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# Looking for anyone that suffered Hannah's Sweets? Edexcel Maths watch

1. I feel like we all bonded over that questions.
Anyway, i got a B in that exam (somehow) but my school are saying (to everyone) if you didn't get an A* youre retaking. In november i got another B (1 mark off an A) .
But the school have started teaching us the IGCSE for some reason and they said they aren't sure whether to take Edexcel GCSE or IGCSE. I am really struggling with the new stimulus as it is a lot of new stuff. I spoke with hte head of maths but she remained indecisive. I don't know what is happening can someone please explain?
2. I didn't know if you wanted an answer but I looked up " Hannah's Sweets Problem" and a lot of people struggled on it so: When Hannah takes her first sweet out of the bag, there is a 6/n chance it will be orange because there are 6 orange ones and an n amount of sweets. When Hannah then takes her second sweet out of the bag, there is a 5/(n-1) chance it will be orange. That’s because there are only 5 orange sweets left out of a total of n - 1 sweets. The chance of getting two orange sweets in a row is the first probability multiplied by the second one [Following so far?]. Which is 6/n x 5/n–1. The question tells us that the chance of Hannah getting two orange sweets is 1/3.So: 6/n x 5/n–1 = 1/3
All we need to do now is rearrange this equation.(6x5)/n(n-1) = 30/(n2 – n) = 1/3
Or 90/(n2 – n) = 1
So (n2 – n) = 90
Therefore: n2 – n – 90 = 0
3. (Original post by Steampunk_Turtle)
I feel like we all bonded over that questions.
Anyway, i got a B in that exam (somehow) but my school are saying (to everyone) if you didn't get an A* youre retaking. In november i got another B (1 mark off an A) .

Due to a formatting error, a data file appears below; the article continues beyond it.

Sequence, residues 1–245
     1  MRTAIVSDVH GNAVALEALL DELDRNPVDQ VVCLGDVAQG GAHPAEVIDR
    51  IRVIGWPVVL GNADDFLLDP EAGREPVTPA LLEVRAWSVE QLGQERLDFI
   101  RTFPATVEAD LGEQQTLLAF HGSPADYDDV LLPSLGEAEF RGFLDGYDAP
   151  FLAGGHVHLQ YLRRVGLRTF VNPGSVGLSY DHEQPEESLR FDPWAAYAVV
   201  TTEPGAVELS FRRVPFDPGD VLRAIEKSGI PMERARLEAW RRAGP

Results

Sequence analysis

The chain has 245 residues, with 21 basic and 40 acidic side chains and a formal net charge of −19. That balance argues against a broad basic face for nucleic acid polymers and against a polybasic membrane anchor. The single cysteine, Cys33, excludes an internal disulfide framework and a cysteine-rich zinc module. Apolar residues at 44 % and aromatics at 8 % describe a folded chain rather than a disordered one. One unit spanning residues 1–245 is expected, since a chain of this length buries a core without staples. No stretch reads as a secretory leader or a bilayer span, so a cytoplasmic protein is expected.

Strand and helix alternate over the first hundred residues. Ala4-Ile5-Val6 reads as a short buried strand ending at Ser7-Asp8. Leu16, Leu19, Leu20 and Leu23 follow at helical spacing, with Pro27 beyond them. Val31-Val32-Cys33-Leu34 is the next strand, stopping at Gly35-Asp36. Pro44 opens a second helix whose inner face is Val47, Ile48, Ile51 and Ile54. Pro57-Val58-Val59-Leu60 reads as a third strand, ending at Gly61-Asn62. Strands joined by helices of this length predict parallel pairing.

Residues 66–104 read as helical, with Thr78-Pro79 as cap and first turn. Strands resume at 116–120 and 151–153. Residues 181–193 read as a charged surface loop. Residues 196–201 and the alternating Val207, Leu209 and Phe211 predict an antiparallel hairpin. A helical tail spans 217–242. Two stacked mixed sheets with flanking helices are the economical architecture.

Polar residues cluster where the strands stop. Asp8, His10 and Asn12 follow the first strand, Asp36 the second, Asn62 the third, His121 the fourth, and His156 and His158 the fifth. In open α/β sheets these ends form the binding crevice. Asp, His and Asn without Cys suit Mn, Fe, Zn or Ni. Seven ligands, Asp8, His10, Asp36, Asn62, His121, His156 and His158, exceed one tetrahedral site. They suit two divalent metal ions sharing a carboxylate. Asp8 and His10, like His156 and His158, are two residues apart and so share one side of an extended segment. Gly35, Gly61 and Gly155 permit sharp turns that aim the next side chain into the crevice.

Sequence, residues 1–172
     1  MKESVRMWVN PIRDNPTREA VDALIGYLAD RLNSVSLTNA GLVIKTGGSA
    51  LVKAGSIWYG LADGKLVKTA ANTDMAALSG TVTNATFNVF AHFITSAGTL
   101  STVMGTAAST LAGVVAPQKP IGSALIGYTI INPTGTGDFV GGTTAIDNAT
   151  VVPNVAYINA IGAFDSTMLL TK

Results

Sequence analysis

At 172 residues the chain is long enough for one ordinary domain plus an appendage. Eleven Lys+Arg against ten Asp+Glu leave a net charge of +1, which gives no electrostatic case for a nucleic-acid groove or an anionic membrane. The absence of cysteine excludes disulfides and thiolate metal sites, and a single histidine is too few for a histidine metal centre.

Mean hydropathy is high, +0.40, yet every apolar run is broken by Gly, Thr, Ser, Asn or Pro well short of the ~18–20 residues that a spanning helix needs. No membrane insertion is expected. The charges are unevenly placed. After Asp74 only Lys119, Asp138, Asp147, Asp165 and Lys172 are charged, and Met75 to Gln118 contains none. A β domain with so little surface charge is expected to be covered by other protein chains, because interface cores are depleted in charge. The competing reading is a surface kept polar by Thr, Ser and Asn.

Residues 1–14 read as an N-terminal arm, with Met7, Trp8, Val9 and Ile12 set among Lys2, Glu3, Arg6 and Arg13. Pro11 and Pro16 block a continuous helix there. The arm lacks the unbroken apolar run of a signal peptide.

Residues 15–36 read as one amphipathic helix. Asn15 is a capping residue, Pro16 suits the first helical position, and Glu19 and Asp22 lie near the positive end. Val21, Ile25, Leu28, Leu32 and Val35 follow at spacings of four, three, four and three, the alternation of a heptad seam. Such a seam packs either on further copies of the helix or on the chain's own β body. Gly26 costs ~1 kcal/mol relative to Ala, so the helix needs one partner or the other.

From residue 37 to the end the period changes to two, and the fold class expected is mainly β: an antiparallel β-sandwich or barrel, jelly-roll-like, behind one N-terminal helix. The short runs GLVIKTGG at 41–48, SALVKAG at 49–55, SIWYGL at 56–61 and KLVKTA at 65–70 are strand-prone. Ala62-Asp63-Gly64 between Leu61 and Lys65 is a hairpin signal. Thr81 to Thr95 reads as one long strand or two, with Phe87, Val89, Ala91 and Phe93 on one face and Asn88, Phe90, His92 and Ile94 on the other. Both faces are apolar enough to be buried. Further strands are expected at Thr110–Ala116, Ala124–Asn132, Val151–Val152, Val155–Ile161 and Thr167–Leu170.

But the school have started teaching us the IGCSE for some reason and they said they aren't sure whether to take Edexcel GCSE or IGCSE. I am really struggling with the new stimulus as it is a lot of new stuff. I spoke with hte head of maths but she remained indecisive. I don't know what is happening can someone please explain?
Only your head of maths can explain what your school will decide to do. If they don't know, how could anyone else?

English state schools have had the choice to enter candidates for GCSE or IGCSE (also described as Level 2 Certificate), they are considered equivalent. Independent schools can enter for whatever they like. The igcse has a bit less focus on problem solving (something that is increasing in the new maths GCSE) and more focus on "maths" that includes a few new topics. It also permits you to use a calculator for both papers. Your teachers seem undecided about whether you have a better chance of improving your grade with yet another GCSE resit or by switching to igcse. Why they think everyone should be getting an A* is unclear.

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Updated: February 14, 2016
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